• @ASmith

        Can we agree, though, that the other side might try this same crap had Harry Reid been a Republican? I just find it rather interesting that all the fellow black democrats are all quick with their forgiving and waving it off…Al and Jesse are staunch Democrats. I wish I could just look into a ‘what if’ machine and see how much of a circus this would be if it were the other way around….

        • Oh absolutely.

          They milked the HELL out of Trent Lott’s comments in 2002. He was wrong as 2 left shoes, but the Dems got him to leave his post as Maj leader and eventually from the Senate, period.

          I will say this, and you may disagree, the GOP machine is better at it than the Dems. When it comes to anything but actual policy, the GOP always beats the Dems because the Dems are stupid when it comes to anything but policy (i.e., they don’t get how policy looks in real world America — they don’t understand that the GOP is able to have their way with avg, middle America because they use regular words; nevermind those regular words are typically misinformed and wrong — at least it’s understandable)

          • @ASmith

            You are exactly right and that’s kind of the point I’m hammering at. The GOP is great at playing ball….period. The Dems policies are another conversation but that seems to be the ONLY thing they lean on when it comes to strategy. The GOP is like that uncle that molested you as a child and then when you grow up sends you a check in the mail for $1 million dollars. They focus on the right now and what happened in the past doesn’t matter. The Dems always go back to what, when, who and how of the past but have a hard time focusing on what needs to be done at the moment. Of course it can be argued over and over again and back and forth, which goes back to the reason for my party affiliation…it’s all a distraction from what’s REALLY going down…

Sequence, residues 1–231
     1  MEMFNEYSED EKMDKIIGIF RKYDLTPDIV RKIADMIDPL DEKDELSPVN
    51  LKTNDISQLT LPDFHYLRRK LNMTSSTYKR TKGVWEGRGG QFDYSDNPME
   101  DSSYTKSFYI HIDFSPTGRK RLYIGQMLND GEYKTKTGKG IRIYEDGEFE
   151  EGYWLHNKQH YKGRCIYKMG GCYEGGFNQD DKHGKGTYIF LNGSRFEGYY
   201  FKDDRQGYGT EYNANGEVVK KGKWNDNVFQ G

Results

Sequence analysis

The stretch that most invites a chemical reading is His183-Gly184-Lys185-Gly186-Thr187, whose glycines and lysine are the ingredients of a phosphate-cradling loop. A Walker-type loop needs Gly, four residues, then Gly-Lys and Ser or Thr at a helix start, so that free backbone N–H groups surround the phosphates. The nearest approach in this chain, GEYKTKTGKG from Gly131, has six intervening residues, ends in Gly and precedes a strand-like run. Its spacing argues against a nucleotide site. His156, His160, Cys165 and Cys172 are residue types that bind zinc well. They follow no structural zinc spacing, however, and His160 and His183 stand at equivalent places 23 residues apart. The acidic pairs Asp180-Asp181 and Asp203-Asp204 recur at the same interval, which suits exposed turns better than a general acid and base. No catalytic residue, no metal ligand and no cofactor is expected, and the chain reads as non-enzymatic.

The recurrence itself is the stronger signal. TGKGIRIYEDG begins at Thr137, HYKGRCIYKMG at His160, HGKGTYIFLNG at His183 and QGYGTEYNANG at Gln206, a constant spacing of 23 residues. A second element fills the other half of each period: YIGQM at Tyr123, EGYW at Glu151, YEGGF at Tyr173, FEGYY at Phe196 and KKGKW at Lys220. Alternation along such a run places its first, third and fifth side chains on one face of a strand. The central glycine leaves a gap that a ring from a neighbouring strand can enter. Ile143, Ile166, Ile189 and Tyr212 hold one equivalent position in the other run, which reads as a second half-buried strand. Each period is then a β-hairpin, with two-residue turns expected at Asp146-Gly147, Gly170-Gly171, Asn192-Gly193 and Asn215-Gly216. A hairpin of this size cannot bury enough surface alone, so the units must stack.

• “I know for a fact that if a renouned republican had said these exact same words that it would be a slaughter fest.”

      It would be and I think it’d be unnecessary then, too, because nothing harmful was said. Like I said, he just said something a lot of black people say all the time — “he sounds white.”

      The older you get the dumber it sounds, especially when you consider that he’s half-white…

      Like you said, most every politician will spin anything into a political ploy.

  5. Excellent post, black man.

    I don’t pay enough attention when I speak, but I think I use negro and [ninja] interchangeably. I don’t see the problem with blacks using either term, but I don’t appreciate it when it’s used by others outside my race. Harry Reid’s comments were unfortunate, but, like a fellow FBer posted, he shouldn’t have made them publicly. Blago just needs to shut up. Not only are his comments racist, they’re plain idiotic.